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Lake Tekapo
15 January 20214 minute read

Service agreements - unpacking the boilerplate (including force majeure clauses)‎

‎‎Service providers embarking on a new contractual relationship will find that most service agreements ‎contain a number of general “boilerplate” provisions. These clauses are sometimes copied directly from ‎other similar agreements and are only briefly considered by the parties. This approach is not advisable.

Boilerplate clauses can end up determining crucial issues that arise. Therefore, accepting, without ‎thoroughly reviewing, these clauses in the service agreement can jeopardize the service providers’ ability ‎to operate successfully. These provisions, like any other, should be carefully considered, included (if ‎applicable) and, where necessary, amended to reflect the parties’ intentions.‎

For instance, the business restrictions imposed by COVID-19 have thrown force majeure provisions into ‎the limelight. Force majeure clauses act to excuse or modify the performance of one or both parties ‎when, as a leading case says, a ‎‎‎“supervening, sometimes supernatural” event beyond the parties’ control ‎makes performance ‎‎impossible -- something unexpected and beyond reasonable foresight and ‎‎skill. ‎ ‎Force majeure provisions must be included in the contract for the parties to rely on them. There is no ‎force majeure provision at common law and courts will not read in or find that such a clause was implied.‎

Force majeure clauses are interpreted according to their own wording and within the context of the ‎‎‎particular contract. ‎Courts will take numerous considerations into account when interpreting a force ‎majeure clause, such as the definition of a triggering event under that clause, the required impact of the ‎triggering event on the party claiming protection and the effect of invoking the clause. Service providers ‎should keep these issues, amongst others, in mind when drafting or reviewing the force majeure ‎provisions in their service agreements. ‎Force majeure provisions are just one example of the many boilerplate provisions often seen in service ‎agreements. Other key standard boilerplate provisions are:‎‎‎‎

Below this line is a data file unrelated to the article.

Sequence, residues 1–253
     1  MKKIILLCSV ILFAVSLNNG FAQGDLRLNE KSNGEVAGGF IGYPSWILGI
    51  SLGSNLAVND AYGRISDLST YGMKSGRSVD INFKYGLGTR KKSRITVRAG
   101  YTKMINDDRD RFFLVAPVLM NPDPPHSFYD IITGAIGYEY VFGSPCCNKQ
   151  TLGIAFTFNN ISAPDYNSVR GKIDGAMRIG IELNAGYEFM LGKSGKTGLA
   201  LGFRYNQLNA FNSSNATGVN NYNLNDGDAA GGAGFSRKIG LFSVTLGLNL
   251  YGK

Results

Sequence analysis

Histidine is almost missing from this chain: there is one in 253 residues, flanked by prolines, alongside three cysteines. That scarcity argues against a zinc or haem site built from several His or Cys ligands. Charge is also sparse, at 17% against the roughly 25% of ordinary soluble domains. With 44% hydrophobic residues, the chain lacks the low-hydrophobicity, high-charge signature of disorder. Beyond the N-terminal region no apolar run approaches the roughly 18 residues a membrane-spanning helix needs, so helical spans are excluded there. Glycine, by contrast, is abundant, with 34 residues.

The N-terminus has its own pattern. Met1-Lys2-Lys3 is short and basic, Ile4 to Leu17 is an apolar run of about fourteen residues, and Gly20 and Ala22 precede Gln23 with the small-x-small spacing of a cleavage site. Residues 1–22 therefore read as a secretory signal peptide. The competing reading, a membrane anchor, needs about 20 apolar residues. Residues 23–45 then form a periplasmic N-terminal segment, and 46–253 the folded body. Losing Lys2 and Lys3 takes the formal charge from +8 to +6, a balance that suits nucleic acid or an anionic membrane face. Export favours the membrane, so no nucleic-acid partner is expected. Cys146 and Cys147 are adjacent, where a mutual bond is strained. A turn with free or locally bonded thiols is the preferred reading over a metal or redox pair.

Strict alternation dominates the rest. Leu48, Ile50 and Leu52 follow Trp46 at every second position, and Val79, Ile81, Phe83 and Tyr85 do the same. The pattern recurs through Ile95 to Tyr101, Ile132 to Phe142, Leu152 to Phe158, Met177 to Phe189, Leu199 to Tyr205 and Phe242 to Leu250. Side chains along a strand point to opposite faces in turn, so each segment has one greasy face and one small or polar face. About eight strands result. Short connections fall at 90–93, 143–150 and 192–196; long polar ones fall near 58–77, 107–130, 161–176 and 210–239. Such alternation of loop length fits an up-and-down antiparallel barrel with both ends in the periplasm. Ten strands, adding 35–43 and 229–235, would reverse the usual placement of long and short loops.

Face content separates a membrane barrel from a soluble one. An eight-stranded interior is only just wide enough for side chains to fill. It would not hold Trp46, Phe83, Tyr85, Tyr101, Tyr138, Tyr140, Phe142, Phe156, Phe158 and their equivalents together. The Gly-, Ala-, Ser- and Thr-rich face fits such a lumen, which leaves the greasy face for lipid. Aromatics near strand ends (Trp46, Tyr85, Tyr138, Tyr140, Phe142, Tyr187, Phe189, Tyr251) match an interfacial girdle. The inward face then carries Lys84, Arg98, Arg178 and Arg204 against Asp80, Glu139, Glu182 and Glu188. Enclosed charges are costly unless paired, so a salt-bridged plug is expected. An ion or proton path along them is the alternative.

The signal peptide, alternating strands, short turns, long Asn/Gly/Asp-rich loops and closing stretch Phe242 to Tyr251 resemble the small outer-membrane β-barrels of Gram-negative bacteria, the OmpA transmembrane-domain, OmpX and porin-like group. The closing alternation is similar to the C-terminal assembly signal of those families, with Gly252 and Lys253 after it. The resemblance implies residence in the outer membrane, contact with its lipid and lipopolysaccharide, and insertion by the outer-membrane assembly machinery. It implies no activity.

1. Entire agreement
  2. ‎ This clause forestalls claims that promises, representations and warranties (for example, in promotional ‎or sales materials or RFPs) were provided outside of the written agreement.‎ ‎

  3. Assignment and change of control
  4. Resist assignment and change of control restrictions as they affect the service provider’s ‎marketability ‎and ability to reorganize its corporate structure. If the customer insists on an ‎assignment restriction, ‎sometimes the concern is that the service provider will simply outsource ‎its obligations; if so, clarify that ‎the customer will not unreasonably withhold consent to an ‎assignment, and include an exception allowing ‎the service provider to assign the agreement ‎without consent in association with the sale of all or ‎substantially all of its business‎. ‎

  5. Law and jurisdiction
  6. To avoid the customer raising defences not known to the service provider, and to ensure that judgment ‎can be obtained and recognized in a known manner, clearly specify that the laws of the service ‎provider’s jurisdiction apply to the contract and that the parties submit to the jurisdiction of its home ‎courts. That said, clarify that either party can apply to any court for any equitable relief such as ‎injunctions. ‎ ‎

  7. Dispute resolution
  8. ‎‎Consider whether a dispute resolution ‎clause is appropriate. This can be as simple as stating that the parties will try to resolve any disputes ‎amicably and in good faith before escalating to court, or as complex as requiring non-binding mediation ‎to be followed by binding arbitration, if necessary.‎

Service providers that are familiar with the above provisions and take the appropriate measures to ‎protect themselves in reviewing and amending them, greatly reduce the risk of later being caught ‎unawares when issues arise and the parties are forced to turn to the boilerplate language in the contract ‎for answers. ‎

This article provides only general information about legal issues and developments, and is not intended to provide specific legal advice. Please see our disclaimer for more details.